by Mike Arnold
The most basic component of every workout is the repetition. Although small, it forms the foundation of everything we do. In fact, the entire training experience, when broken down into its most fundamental essence, is comprised of nothing but reps. Perform several reps in succession and we have a set. Perform several sets and we have a workout. All are derived from and revolve around the concept of the rep. In addition to this distinction, the manner in which we perform our reps is also of considerable importance. Although seemingly trivial on the surface, rep performance plays a crucial role in determining the type of results we get from our training. Is strength your main focus? How about muscle growth? Are you training for explosiveness, or are you trying to build up your muscular endurance? If you look closely at the training styles of various athletes, you will see a significant difference in the way that they perform their reps.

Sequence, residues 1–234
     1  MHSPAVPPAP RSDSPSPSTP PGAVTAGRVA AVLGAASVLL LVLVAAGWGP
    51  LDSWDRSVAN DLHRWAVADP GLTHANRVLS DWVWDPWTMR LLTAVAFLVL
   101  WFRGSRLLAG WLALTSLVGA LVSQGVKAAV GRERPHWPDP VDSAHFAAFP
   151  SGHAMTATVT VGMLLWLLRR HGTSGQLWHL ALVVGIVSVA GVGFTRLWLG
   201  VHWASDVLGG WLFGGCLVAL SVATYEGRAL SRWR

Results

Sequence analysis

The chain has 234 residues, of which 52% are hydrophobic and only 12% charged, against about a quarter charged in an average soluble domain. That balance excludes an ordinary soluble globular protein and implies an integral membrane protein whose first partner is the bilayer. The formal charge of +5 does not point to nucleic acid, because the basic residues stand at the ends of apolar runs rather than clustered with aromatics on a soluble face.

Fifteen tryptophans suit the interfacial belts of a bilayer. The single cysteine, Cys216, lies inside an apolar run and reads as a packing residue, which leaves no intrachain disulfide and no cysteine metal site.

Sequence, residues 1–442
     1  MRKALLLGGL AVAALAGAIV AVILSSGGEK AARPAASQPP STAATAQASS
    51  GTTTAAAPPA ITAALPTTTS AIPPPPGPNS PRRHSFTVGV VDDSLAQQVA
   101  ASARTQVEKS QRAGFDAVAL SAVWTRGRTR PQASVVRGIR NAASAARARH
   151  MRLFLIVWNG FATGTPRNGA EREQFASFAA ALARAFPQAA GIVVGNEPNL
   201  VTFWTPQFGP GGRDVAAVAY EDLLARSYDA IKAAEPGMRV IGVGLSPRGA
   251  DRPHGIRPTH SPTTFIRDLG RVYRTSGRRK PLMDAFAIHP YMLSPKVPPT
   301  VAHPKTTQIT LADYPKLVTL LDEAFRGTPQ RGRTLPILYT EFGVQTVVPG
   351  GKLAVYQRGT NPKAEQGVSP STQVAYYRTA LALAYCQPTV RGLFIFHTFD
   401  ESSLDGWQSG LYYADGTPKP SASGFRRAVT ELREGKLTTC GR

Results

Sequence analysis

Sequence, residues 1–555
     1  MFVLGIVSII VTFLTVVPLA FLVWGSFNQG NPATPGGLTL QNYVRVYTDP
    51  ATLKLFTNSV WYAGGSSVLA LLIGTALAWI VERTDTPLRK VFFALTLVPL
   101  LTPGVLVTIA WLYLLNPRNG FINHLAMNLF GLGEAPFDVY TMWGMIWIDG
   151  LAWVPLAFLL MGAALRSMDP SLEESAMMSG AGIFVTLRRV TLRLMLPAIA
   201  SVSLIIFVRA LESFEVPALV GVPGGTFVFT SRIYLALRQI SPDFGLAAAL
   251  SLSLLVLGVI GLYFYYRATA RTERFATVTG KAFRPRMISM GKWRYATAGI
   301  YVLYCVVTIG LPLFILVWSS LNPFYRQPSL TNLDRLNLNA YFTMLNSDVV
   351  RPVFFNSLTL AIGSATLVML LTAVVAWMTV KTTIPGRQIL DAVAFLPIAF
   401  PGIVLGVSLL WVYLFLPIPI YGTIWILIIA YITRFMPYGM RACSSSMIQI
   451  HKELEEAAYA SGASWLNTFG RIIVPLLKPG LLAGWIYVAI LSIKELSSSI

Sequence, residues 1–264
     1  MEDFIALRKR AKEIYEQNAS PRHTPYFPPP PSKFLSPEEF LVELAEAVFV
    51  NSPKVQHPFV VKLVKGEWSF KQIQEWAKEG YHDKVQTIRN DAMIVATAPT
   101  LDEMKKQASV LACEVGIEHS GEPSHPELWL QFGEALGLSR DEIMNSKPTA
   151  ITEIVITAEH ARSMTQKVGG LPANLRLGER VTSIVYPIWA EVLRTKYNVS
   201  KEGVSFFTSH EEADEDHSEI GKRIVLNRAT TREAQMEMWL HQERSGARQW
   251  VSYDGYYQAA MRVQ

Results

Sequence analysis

Olympic lifters explode with tremendous force on the positive portion of the lift, while neglecting the negative part of the rep altogether. Powerlifters train similarly, but perform their negatives with control. BB’rs, at least traditionally, have been less precise, using a wide variety of rep speeds and techniques, but why is this? There are several possible explanations for this. Some believe that occasionally changing things up prevents the body from adapting to any one style of training, so they vary their rep speeds, while others simply have a preference for one cadence over another. However, the long-standing belief that an explosive positive, followed a slow and controlled negative, provides the best results, has caused the vast majority of BB’rs to adopt this particular method of rep performance.